Anointing of the Sick
The Sacraments of Penance and the Anointing of the Sick are the two Sacraments of Healing that were instituted by Christ to strengthen us in our physical and spiritual weakness. Any Catholic whose health is in a critical state can receive this sacrament more than once, on such occasions such as grave illnesses or serious operations.
In a unique way, this sacrament unites those who are suffering with the sufferings of Jesus, who also experienced fear and pain during His time on earth. This profound experience sometimes brings physical healing to those who are gravely ill. Moreover, celebrating this sacrament unifies the communion of the saints in interceding for the sick person, “contribut(ing) to the sanctification of the Church and to the good of all men for whom the Church suffers and offers herself through Christ to God the Father.” (Catechism of the Catholic Church, 1522)
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"The Anointing of the Sick 'is not a sacrament for those only who are at the point of death. Hence, as soon as anyone of the faithful begins to be in danger of death from sickness or old age, the fitting time for him to receive this sacrament has certainly already arrived.’ If a sick person who received this anointing recovers his health, he can in the case of another grave illness receive this sacrament again. If during the same illness the person's condition becomes more serious, the sacrament may be repeated. It is fitting to receive the Anointing of the Sick just prior to a serious operation. The same holds for the elderly whose frailty becomes more pronounced." (Catechism of the Catholic Church, 1514-1515].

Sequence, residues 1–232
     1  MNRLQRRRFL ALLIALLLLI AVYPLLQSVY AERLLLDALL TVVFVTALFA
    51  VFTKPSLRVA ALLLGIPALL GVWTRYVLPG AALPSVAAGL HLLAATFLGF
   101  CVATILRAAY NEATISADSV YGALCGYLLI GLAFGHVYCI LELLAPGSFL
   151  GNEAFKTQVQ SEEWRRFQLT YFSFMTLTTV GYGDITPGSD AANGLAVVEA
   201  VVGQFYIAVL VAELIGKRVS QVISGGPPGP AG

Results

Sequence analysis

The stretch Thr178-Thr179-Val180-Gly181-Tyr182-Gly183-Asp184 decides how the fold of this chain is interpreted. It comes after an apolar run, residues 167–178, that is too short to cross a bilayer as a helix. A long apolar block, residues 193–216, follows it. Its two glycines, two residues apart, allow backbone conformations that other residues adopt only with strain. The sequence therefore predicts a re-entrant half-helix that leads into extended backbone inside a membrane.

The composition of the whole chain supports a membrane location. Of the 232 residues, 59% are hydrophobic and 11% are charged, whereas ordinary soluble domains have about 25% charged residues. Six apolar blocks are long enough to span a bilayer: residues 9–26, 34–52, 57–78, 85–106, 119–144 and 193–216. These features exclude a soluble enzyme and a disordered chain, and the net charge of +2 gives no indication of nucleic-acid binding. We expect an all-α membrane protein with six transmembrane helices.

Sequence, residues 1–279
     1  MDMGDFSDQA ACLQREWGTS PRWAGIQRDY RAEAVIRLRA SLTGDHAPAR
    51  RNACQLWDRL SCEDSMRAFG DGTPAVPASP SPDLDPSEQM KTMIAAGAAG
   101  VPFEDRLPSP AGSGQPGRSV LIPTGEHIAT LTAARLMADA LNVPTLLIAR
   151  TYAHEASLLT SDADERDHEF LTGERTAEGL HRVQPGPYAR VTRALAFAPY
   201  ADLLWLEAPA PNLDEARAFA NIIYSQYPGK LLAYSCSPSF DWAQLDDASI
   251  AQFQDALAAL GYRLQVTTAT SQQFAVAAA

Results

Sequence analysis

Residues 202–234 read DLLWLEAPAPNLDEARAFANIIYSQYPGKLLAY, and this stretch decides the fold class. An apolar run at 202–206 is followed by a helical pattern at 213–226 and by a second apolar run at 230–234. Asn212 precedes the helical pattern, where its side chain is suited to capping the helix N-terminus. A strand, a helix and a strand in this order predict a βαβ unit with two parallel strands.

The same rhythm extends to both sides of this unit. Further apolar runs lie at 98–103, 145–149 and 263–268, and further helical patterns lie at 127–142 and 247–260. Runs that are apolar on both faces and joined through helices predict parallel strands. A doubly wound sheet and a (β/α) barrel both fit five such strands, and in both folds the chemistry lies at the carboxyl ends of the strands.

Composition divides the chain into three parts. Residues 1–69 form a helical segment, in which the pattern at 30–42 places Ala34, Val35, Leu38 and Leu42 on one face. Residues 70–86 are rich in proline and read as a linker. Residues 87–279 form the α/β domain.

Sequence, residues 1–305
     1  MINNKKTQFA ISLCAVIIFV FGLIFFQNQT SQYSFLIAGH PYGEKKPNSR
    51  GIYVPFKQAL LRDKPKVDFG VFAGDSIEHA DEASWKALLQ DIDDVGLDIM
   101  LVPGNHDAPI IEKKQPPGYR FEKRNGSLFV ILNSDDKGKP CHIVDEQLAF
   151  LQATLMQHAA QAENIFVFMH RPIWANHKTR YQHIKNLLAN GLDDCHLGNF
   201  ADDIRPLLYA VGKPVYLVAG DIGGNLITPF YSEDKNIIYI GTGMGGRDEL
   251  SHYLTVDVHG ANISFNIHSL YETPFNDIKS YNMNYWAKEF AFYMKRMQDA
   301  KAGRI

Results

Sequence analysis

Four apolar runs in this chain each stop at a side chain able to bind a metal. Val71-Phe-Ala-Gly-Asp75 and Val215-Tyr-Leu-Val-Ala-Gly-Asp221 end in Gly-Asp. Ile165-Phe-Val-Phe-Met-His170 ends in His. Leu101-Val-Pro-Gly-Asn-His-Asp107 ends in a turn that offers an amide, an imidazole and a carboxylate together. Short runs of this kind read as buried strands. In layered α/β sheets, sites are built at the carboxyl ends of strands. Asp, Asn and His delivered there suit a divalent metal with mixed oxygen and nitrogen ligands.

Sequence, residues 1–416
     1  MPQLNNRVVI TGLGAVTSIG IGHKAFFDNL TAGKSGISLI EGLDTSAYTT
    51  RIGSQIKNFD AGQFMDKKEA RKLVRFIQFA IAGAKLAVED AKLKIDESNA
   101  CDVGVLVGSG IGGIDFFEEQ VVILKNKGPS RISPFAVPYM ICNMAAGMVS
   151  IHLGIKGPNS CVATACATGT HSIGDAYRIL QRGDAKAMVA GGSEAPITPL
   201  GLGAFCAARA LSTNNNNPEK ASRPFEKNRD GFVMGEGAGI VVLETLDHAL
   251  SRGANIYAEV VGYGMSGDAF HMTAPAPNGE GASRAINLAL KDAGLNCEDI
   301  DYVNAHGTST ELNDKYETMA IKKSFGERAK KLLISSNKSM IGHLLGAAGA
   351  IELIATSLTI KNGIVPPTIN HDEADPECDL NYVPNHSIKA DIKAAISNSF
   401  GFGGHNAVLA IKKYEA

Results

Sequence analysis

The Anointing of the Sick was traditionally referred to as Extreme Unction or Last Rites, perhaps giving the illusion that the sacrament is meant only for those who are at the point of death.
“In addition to the Anointing of the Sick, the Church offers those who are about to leave this life the Eucharist as viaticum. Communion in the body and blood of Christ, received at this moment of ‘passing over’ to the Father, has a particular significance and importance. It is the seed of eternal life and the power of resurrection, according to the words of the Lord: ‘He who eats my flesh and drinks my blood has eternal life, and I will raise him up at the last day.’ The sacrament of Christ once dead and now risen, the Eucharist is here the sacrament of passing over from death to life, from this world to the Father.” (Catechism of the Catholic Church, 1524).